Hispanic Marketing Insights from AARP, Pepsi & Burger King

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The Hispanic population grew 9.9 million from 50.7 million in 2010 to 60.6 million in 2019 and the non-Hispanic population grew by 9.1 million during this same time period, according to the US Census Bureau. As this demographic grows, brands are looking for ways to reach these increasingly influential consumers. At a recent Brand Innovators Marketing livecast on the Future of Hispanic Marketing, leading brand marketers shared how they are reaching this sought after audience.

The Hispanic population in the United States has grown from 9.6 million people or 4.7% of the population in 1970 to 50.5 million people or 16.3% of the population in 2010. Since then, the Hispanic population in the US grew more than the non-Hispanic population between 2010 and 2019. The Hispanic population grew  9.9 million from 50.7 million in 2010 to 60.6 million in 2019 and the non-Hispanic population grew by 9.1 million during this same time period, according to the US Census Bureau.

As this demographic grows, brands are looking for ways to reach these increasingly influential consumers. At a recent Brand Innovators Marketing livecast on the Future of Hispanic Marketing, leading brand marketers shared how they are reaching this sought after audience.

“Looking into the future, our 2017 projections series projected the Hispanic population to reach 99.8 million by 2050, representing about 26% of the total U.S. population,” said  Yesenia Acosta, Chief, Coordination, Dissemination, and Outreach Branch, Population Division, U.S. Census Bureau.

For Burger King, the idea has been to invest strategically in the community in programs that make a difference.

“What we’ve realized over the course of many many years, is that it's not only about paying lip service to serving the Latinx community; it's about building an infrastructure, a support system, and long-term teams,” said Rogelio Magaña Shoemaker, Director, Marketing & Advertising, NA at Burger King.” We started off at a really early stage with basic translation. We went deeper by filming ads in English and Spanish using Spanish speaking actors that could really translate accurately. It was really basic because the Latinx community is so much more than just Spanish. So through this introspection, we noticed that we need internal support structures that manage the right way through the right process. Latinx culture is not just about speaking Spanish, it is a number of countries, many different accents, cultures, histories, and even different languages.”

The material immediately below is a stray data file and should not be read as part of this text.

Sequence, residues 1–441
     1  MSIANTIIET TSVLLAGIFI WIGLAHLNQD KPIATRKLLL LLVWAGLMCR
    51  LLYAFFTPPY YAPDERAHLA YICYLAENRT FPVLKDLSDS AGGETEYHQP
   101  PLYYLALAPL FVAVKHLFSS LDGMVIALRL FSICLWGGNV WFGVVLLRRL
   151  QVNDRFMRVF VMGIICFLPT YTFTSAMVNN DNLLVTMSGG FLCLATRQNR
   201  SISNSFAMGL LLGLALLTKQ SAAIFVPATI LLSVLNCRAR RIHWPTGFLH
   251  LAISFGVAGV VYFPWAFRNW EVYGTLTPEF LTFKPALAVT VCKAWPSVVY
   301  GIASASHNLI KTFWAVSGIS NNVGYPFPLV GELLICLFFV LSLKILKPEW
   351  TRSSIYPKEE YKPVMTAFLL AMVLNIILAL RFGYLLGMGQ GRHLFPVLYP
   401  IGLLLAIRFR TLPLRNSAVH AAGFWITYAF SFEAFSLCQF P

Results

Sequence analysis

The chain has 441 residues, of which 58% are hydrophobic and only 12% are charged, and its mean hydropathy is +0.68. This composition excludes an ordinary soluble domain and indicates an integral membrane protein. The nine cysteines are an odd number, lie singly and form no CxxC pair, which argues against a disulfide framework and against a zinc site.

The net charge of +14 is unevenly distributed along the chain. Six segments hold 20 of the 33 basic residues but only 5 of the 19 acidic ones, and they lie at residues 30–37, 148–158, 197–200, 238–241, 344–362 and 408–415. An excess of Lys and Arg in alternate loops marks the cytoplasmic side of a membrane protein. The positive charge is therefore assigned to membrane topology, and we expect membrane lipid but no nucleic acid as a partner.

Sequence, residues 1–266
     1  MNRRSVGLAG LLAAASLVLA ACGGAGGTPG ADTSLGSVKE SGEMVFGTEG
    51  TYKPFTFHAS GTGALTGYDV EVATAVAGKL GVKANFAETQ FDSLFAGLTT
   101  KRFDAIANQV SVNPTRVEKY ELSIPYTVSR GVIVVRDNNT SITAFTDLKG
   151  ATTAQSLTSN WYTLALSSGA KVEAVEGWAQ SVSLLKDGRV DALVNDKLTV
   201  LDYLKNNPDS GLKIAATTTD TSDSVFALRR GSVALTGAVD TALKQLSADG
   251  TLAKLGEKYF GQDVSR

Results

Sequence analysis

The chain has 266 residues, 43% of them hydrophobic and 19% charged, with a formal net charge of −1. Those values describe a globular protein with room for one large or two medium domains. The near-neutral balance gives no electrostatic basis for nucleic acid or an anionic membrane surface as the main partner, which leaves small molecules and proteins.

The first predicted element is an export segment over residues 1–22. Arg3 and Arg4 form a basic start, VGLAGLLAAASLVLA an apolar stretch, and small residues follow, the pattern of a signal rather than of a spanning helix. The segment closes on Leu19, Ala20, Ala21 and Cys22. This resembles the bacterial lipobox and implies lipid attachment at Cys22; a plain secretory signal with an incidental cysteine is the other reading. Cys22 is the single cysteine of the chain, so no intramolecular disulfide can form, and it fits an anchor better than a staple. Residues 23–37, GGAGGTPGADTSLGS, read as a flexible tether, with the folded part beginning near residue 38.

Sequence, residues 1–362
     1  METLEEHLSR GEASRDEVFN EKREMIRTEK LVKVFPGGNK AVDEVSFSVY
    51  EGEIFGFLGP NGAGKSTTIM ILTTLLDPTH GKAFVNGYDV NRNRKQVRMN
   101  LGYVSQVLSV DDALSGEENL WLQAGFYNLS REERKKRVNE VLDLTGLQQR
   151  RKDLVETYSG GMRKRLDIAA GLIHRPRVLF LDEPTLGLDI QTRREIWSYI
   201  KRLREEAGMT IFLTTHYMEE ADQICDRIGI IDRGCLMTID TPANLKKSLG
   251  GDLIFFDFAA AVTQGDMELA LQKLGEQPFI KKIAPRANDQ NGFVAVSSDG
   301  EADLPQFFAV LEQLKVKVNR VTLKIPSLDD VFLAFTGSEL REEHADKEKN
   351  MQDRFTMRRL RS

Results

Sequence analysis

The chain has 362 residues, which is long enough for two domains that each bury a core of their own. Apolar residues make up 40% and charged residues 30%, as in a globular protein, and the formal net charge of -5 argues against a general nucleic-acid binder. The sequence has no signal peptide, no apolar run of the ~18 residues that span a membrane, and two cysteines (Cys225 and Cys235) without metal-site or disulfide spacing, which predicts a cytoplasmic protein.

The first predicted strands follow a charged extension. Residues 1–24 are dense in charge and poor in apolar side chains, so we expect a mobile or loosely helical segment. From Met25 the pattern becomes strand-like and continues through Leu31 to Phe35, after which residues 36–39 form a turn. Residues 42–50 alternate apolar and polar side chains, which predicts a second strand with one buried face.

Pepsi has been looking at the brand equity across the community to ensure they are reaching this target demographic across their portfolio of brands. 

“As we focus on marketing to Hispanic communities, we’re really measuring how fast we’re growing in comparison to the larger markets,” said Esperanza Teasdale, VP & GM at PepsiCo.

“We’re looking at brand equity scores -  are we moving in the right direction? We’re seeing a lot of positive growth across some key brands. It’s not surprising. Like any other brand target you have, when you invest in those communities, assuming your messaging is strong, you’re going to get them and it’s going to pay out. The facts are there from the business side, now people need to act. Even if you don't sit in the Hispanic marketing group, if you’re a marketer, you need to know what that consumer is about, so you can tap in and start building your brand. Any seat anyone sits in -- sales, marketing, innovation -- you need to be acting on this.” 

AARP recently did a study to see what Latinas were feeling, with a focus on beauty and wellness. According to this 2021 AARP Mirror/Mirror Study, marketers are prioritizing Millennials or Gen Z and are seeing 50+ Hispanic consumers  as an afterthought.

“Wellness and beauty brands are missing a market opportunity reaching Hispanic/Latrino women aged 50+, who feel under and misrepresented, reinforcing outdated stereotypes,” said Yvette Peña, Vice President, Hispanic /Latino Audience Strategy at AARP. “These women of all ages like to see a mix of ages in advertising. They want solutions that address their unique experiences, needs, and values. For the advertising industry, this is a really big ‘Aha!’ that they’re expecting more, that they want to see themselves represented, and that they want to make sure your advertisers’ brands resonate with them.”

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